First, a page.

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Gale Morgan

Running with Kids


The Scene: 

    Four spouses married to immigrant wives live in the same middle class neighborhood and meet on Sundays at Erik’s house to talk about current events, the struggles of their minority wives in a place they often feel estranged, and to connect in their commonalities. They meet in Erik’s dining room, dusty and rarely used for anything other than their meetings. They sit around the long, twelve person table with wine glasses filled to the brim.

Who’s at the table: 

    Erik: Married to Emelia, who emigrated from Spain in 2006 after she met him while he studied abroad. She loves him but longs for her family and her home. Erik says they will visit, but is always too busy during the summers to make the trip. 
   John: Married to Hadiza, who was born in Wisconsin to an African immigrant, a Tutsi pregnant with Hadiza when she fled the genocide. Though she’s asked, she doesn’t know much about her mother’s successful efforts to flee, just that she was able to come to America because she was married to Hadiza’s father, a Hutu. A track star in high school and college specializing in many events, Hadiza was close to earning a spot on the 2012 Olympic team but sprained her ankle during the qualifiers. She never ran the same and settled as a middle school gym teacher. She married John in 2015. He’s a business major slowly rising up the ranks of a fortune 500 company.
   Hazel: Emigrated with her wife from Mexico. Together they run a successful roofing company. Hazel is a skilled construction worker and strong leader. Her wife is perfectly bilingual and talented in social media marketing. In the area, their roofing company is a monopoly. They have three kids with their ex-husbands, all three honors roll students.
   Donghai: Married to Xiu. After Xiu’s mother died of malaria, her father emigrated from China because he heard people in capitalism don’t die from diseases. She spent her childhood helping him with his English on his resumes and in his emails. Xiu’s father is a skilled salesman, but it took him two decades to land a good job. Now he makes well into the six figures and supports her while she spends most of her time writing fiction. Donghai is a pharmacist at a hospital, working long hours but making good money.

The Story:

    John says: So I go sit with Hadiza on the couch after putting the kids to bed and tell her I’m ready for a third. She says, Really? I say I want a third, to try one more time for a boy. But she says she doesn’t want a third kid. I ask her why. I’m a little mad, she’s known I want a third. She finally tells me all she knows of her mother. She says she was obsessed with teaching her how to run. From three on up, she made her do squats and crunches and leg presses until she cried. She made her run long, long distances. The neighbors watched her and felt bad for her as she ran around the block for hours at a time. Around and around, screaming for water and sweating through her clothes. She thinks some of them called child protective services a few times. Always she made her run, scolded her when she wasn’t fast enough. No time for school, just running. When Had got good at it, she made her run in heals and in dresses. She made her run barefoot and in just her shirt and undies. She made her run in whatever clothes she might find herself needing to run in. She said she needed to know how to run faster than anyone else. She said her father ran slower than most and that’s why he died.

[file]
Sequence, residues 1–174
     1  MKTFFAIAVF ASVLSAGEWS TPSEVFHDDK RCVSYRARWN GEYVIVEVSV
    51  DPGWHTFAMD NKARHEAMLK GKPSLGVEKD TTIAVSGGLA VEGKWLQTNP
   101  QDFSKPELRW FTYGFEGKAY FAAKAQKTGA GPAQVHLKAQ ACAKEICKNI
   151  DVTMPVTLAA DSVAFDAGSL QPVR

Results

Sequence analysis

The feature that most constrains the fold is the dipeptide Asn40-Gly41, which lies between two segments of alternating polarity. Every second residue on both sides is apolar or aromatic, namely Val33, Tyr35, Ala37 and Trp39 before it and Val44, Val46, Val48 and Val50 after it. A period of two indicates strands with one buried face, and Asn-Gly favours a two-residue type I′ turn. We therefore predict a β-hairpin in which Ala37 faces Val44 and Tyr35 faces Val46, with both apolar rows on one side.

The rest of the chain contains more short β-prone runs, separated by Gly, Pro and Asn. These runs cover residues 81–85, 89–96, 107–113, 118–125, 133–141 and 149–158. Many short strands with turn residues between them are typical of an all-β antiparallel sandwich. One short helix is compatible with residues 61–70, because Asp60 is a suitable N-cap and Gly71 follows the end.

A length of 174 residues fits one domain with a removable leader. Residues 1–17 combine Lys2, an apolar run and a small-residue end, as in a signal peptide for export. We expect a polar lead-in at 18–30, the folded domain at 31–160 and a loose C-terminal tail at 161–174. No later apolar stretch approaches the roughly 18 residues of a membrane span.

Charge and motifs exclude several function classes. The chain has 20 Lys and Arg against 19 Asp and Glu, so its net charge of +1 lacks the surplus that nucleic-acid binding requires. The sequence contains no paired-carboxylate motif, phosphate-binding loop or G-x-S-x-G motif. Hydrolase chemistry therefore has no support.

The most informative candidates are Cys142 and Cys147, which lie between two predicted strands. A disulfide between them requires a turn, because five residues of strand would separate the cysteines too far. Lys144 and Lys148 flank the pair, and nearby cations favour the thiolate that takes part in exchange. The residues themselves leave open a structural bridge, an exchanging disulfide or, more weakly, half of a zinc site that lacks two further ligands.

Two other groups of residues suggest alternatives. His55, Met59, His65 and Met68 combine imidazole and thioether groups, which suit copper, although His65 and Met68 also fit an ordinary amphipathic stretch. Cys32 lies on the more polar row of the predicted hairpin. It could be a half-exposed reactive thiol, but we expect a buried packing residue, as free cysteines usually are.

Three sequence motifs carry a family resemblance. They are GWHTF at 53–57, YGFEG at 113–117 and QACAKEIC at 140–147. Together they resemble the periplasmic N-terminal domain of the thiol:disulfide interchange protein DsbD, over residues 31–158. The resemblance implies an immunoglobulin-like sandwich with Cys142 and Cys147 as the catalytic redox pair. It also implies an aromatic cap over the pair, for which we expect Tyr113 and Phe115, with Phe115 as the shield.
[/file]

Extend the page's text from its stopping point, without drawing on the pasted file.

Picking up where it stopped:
Then Had’s mom told her she couldn’t have more than two kids. Only two. She settled for only Had and that was good. She said she can’t have more than she can carry while running. She said she saw people with more than two kids running with only two kids under their arms. She said her mom doesn’t have nightmares about the blood and the death but of the faces of the abandoned children standing helpless in the dry dirt. She said she can never have that kind of heft on her shoulders. 
    So I tell Had, That was Africa, Had. She says she thought so, too. But look now. We live in the division that happened in the years before what her mother endured. Division brought upon us by our superiors. She said there are Nazis among us. One day our streets will flood with blood. One day. And where will we be standing when it happens? Not with our guns pointed at the other side. No. We’re in the middle now and we’ll be in the middle then. Big government came for her mother but we also hate the hate on the other side. Both sides will be after us. Then she said, Now, tell me, if I’m not here when you have to run, which kid do you leave behind? Your oldest daughter, your youngest daughter, or your potential son? I didn’t answer. She commanded me to answer her. I said I couldn’t. She said, Because you know you’ll turn around briefly to see the look of abandonment on the face of the child you left behind. You won’t be able to help it. 
    It really hit me, what she said. I got a vasectomy a few days ago. I limp around the house now with ice on my crotch. She gives me a hard time about it. She says, I walked with pride through the pain like a queen both times I pushed a child through my vagina, but you get one cut in your balls and you sulk around like a baby!      

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